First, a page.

Pokémon, Beanie Babies, Furbies, Tamagotchi, and now fidget spinners? What makes these products ‘go viral’ and why do kids want them so badly? Although there has been a great deal of research in this area, Margo Bergman an economist from the University of Washington suggests that it reflects the tendency of humans to look toward others for information, and this is not limited to just children!
At DeltaMV, we call this ‘herd instinct,’ referring to the common tendency of individuals to adopt the opinions and behaviours of the majority. In this article, Bergman states that this mentality stems from the basic problem that we all can’t be experts at everything. We lack the time, energy, and resources to make these decisions, so our brains use shortcuts. That being said, we look to people we trust, or in this case, who look ‘cool.’ These key influencers play a critical role in giving these fads a boost.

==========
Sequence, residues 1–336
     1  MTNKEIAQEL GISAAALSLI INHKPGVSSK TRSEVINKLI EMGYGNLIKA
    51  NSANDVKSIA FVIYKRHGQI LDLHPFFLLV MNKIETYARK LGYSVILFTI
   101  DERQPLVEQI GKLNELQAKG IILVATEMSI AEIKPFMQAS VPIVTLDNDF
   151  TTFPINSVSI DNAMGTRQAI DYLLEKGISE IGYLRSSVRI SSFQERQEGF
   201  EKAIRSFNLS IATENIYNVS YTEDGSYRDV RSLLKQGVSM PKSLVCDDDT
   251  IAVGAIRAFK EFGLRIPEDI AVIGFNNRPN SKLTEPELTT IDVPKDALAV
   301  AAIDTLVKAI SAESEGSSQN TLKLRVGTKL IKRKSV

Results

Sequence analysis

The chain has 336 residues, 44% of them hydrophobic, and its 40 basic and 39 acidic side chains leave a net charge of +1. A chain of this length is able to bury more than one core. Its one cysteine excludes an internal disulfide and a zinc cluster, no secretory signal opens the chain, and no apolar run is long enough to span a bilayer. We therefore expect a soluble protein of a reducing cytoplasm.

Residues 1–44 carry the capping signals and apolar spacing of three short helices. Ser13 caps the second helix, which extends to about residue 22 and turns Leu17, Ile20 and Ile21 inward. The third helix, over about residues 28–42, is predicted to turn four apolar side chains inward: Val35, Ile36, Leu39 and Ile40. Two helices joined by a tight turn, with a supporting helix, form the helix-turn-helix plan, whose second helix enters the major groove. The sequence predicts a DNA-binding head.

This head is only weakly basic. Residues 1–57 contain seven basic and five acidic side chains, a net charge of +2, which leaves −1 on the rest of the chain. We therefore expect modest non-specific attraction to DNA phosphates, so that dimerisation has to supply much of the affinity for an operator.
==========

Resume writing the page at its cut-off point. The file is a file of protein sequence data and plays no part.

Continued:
Her research suggests that with the right key influencers, it only takes a minimum of 15 percent of people in a group susceptible to fads to make the trend explode. As healthcare marketers, it is important for us to consider who should be the ideal messenger and what is the best channel to deliver that message. According to Bergman, if susceptibility levels are greater than 65 percent, the fad is likely to have lasting power. How can you ensure the longevity of your current and new products?